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I lost myself today. I mean I lost myself in the sense of not caring where I was or what time it was. Feeling a little creatively blocked this morning, I grabbed my camera and went outside to photograph my rose garden. There is nothing quite like losing yourself in the magnificence of nature, in my case a rose garden during its first bloom of the season. The first bloom of the season is always a show stopper. After being dormant for many months, the roses put forth a tremendous effort to produce a caliber and profusion of blossoms not seen during the rest of the year. One hundred and sixty-four photos later my head cleared and creative ideas flowed again.

#1 – Flower Power
Here’s a thoughtful way to recycle flowers! If you are planning an event that has flower power, such as a wedding, contact the Flower Power Foundation. Its web site states, “The Flower Power Foundation is currently working in association with world-renowned hospice care centers, nursing and rehabilitation centers, rape crisis centers, Alzheimer facilities, and hospitals. Since inception we have facilitated millions of flowers from being discarded and turning them into heart opening experiences for the receivers and the givers. We are passionate about living in a society that takes care of each other now.”

The wheels of this foundation may not have arrived in your area, yet, but the concept is still viable. Why not recycle and rearrange flowers from an event and give them to those who would really appreciate beautiful gifts of hope?

#2 – Wine Bottles In Your Garden!
If you have a lot of empty wine bottles around the house, here’s a way to recycle them. An an article in Lifehacker suggests using wine bottles as garden edging. Bottles are stuck neck down into the soil, two rows wide to form a protective border around vegetable gardens.

#3 – Aphids, Aphids, and Aphids
How many different types of aphids exist? I must have seen at least five types in my garden today. According to Wikipedia there are about 4,400 species! To rid my rose garden of aphids, I dislodge them with a blast of water or run my gloved hand along the stems to brush them off. For more ideas on how to get rid of aphids read this article.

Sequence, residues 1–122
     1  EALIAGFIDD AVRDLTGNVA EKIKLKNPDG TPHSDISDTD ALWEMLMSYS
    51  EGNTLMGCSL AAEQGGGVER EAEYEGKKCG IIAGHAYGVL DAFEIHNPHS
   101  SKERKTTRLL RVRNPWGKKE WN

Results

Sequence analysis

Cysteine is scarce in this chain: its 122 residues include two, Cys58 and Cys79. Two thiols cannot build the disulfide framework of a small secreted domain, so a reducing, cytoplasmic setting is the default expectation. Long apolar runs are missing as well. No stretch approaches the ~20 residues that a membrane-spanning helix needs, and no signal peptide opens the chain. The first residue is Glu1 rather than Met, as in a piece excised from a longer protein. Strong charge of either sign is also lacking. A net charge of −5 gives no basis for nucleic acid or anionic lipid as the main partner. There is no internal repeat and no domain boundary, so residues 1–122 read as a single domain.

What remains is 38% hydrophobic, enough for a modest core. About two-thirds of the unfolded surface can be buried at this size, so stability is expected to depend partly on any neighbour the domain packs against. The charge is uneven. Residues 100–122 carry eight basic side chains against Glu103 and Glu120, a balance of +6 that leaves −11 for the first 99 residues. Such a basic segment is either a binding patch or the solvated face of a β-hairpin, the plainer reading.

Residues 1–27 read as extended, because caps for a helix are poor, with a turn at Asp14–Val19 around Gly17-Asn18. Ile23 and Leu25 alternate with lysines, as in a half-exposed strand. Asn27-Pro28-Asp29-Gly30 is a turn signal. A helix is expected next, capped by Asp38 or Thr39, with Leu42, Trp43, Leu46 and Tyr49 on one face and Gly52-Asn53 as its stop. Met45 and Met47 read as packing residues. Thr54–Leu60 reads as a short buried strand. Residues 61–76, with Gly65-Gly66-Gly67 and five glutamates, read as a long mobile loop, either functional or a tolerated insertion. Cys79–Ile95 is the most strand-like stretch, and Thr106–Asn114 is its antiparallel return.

#4 -Reusing Parchment Paper
When I bake cookies I always cover my cookie sheets with parchment paper. Most of the time it’s parchment paper that’s been used before. Every time I’m done baking, I wipe the grease and crumbs off the paper with a slightly damp cloth. After it dries I store the paper on the cookie sheets so they’re ready for my next baking adventure!

#5 – Find Beauty Every Day
You cannot control the world outside, but you can choose what you bring into yourself. If you do not see anything of value in life, begin by finding one thing of beauty every day until it becomes a habit.
Ron Rathbun, meditation teacher

Happy Mother’s Day to all you wonderfully dedicated mothers out there!

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With the temperatures warming up outside, it’s time to put on the sunscreen, drag out those tattered garden gloves, and sharpen those rusty shears. Picture how good it’s going to feel to reestablish those short sleeve and ankle sock tan lines while working up a sweat in the yard! Yeah, well maybe not today. Just got an iPad an hour ago and it’s redirecting my best intentions!

#1 – Time to Plant!
It’s that time of the year again when little vegetable plants nod in the breeze as we walk by them in the garden center. It can be confusing to know when the best time is to plant each type of vegetable, but The Garden Helper can help answer those types of questions. This site has a vegetable planting guide and tons of growing tips that are helpful to novice gardeners and experienced ones, as well. For someone like me, who could not live off the fat of the land, every little bit of advice helps!